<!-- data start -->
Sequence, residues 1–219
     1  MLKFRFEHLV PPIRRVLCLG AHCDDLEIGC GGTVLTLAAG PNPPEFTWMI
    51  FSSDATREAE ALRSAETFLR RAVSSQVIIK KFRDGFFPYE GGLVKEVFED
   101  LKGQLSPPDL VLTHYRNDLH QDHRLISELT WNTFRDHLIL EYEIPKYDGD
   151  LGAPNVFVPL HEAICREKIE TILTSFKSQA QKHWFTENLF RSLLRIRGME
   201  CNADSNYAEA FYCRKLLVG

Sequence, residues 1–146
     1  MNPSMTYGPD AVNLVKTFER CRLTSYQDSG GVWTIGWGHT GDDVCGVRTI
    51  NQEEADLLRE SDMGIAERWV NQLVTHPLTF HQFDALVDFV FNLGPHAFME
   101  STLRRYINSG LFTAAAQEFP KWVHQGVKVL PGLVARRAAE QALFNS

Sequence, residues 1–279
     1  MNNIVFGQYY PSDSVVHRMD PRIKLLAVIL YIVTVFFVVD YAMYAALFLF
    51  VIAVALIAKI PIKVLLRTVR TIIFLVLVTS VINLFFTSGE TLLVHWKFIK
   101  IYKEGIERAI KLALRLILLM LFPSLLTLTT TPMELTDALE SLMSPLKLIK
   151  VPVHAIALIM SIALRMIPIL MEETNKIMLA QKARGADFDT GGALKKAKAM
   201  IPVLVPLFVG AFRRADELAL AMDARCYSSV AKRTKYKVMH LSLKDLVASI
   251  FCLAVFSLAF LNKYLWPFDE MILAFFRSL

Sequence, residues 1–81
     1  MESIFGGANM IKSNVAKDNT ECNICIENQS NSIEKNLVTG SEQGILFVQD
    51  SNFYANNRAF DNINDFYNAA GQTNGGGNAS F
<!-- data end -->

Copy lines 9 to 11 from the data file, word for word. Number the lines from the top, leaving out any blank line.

    51  NQEEADLLRE SDMGIAERWV NQLVTHPLTF HQFDALVDFV FNLGPHAFME
   101  STLRRYINSG LFTAAAQEFP KWVHQGVKVL PGLVARRAAE QALFNS

Sequence, residues 1–279